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Mars Science

Ancient Flood Channels Cut Deep Into Mars 46

astroengine writes "Relatively recently, water blasted out from an underground aquifer on Mars, carving out deep flood channels in the surface that were later buried by lava flows, radar images complied from NASA's Mars Reconnaissance Orbiter probe shows. The channels are at least twice as deep as previous estimates for Marte Vallis, an expanse of plains just north of the Martian equator that is the youngest volcanic region on the planet. "We see similar channels elsewhere on Mars and they are not filled with lava so it's important to be able to compare different channel systems, and also similar systems on Earth, to give us clues about how they formed," lead researcher Gareth Morgan, with the Smithsonian Institution in Washington DC, told Discovery News."
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Ancient Flood Channels Cut Deep Into Mars

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  • Re:Bored with Mars (Score:4, Insightful)

    by Wonda ( 457426 ) on Friday March 08, 2013 @08:18AM (#43114489)

    mars is nice dirt, you can dig in it etc, the icemoons are.. ice, so it's much harder to dig and there's nothing much to see on the surface, so they might just think it's too hard for now, even if you find a hole in the ice that just means you lost your robot :).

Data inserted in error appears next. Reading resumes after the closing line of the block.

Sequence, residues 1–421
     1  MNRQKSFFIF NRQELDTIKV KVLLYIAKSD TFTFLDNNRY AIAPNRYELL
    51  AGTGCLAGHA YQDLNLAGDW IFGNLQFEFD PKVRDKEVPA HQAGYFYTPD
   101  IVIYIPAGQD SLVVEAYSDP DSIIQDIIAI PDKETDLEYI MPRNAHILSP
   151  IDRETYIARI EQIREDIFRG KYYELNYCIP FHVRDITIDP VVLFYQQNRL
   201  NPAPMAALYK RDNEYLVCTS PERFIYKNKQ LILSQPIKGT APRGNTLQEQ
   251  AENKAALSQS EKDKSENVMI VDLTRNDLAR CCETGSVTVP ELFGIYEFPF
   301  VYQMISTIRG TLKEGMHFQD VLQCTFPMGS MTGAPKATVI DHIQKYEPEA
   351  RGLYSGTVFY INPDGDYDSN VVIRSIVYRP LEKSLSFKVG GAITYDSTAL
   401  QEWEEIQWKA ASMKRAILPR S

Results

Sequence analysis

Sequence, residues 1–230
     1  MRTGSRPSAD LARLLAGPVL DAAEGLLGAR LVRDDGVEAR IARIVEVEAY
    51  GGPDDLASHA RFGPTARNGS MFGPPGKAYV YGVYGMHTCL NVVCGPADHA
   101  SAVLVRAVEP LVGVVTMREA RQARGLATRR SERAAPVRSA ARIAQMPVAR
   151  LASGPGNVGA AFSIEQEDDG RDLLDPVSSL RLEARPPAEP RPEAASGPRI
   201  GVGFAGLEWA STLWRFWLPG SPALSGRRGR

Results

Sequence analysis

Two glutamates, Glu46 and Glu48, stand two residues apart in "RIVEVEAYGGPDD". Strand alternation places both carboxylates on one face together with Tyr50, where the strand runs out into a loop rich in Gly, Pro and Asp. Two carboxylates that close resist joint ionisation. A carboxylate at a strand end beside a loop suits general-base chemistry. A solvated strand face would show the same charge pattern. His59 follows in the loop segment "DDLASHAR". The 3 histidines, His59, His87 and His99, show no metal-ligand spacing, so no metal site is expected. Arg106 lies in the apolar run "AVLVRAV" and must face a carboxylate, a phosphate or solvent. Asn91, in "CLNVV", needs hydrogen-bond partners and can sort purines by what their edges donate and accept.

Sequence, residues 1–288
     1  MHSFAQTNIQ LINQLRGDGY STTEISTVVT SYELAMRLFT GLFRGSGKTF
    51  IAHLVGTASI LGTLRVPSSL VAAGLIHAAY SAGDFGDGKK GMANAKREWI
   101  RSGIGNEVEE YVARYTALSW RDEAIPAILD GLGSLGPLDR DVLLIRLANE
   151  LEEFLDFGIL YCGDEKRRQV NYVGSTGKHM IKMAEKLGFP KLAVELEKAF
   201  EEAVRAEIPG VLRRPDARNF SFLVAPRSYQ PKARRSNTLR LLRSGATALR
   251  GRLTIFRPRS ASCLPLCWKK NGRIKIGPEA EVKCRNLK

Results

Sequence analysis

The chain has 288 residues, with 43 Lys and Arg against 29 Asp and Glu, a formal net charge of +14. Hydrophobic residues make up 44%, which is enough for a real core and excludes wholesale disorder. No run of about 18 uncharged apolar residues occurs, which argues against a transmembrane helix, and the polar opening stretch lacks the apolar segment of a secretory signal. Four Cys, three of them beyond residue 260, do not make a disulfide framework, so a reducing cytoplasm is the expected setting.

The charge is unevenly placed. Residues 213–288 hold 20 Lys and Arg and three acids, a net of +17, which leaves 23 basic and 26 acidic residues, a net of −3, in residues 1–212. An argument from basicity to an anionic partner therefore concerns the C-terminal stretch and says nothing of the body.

• Re:Relative Time (Score:3, Insightful)

    by Anonymous Coward on Friday March 08, 2013 @08:46AM (#43114585)

    They aren't talking relative to human history. They are talking about the geological history of Mars, which has several distinct periods that cover billions of years. And for that 500 million years is fairly recent.

    If you don't like this phrasing, I strongly recommend you don't talk with geologists, planetary scientists, or astronomers. All of them would consider something that happened within the last 500 million years to be fairly recent.

  • Re:Bored with Mars (Score:4, Insightful)

    by SternisheFan ( 2529412 ) on Friday March 08, 2013 @09:09AM (#43114675)

    If Mars had life and is now a 'dead dustball' then maybe something went wrong that would be useful for us neighbours to know about?

    The lesson is to never lose your protective magnetic field. That would be..., 'bad'.

  • Mars Express (Score:2, Insightful)

    by Anonymous Coward on Friday March 08, 2013 @10:07AM (#43115147)

    What saddens me is that Mars Express was sent by the ESA and is orbiting Mars as we speak carrying RADAR for just this kind of thing (MARSIS). How many times have we seen their results in the news? I expect the next time there's a good idea for a Mars mission it'll struggle for funding because non-one remembers anything good coming from Mars Express. I'm sure there's plenty of really good science going on, but we never hear about it.

    We just can't get our PR act together over here.

When you are working hard, get up and retch every so often.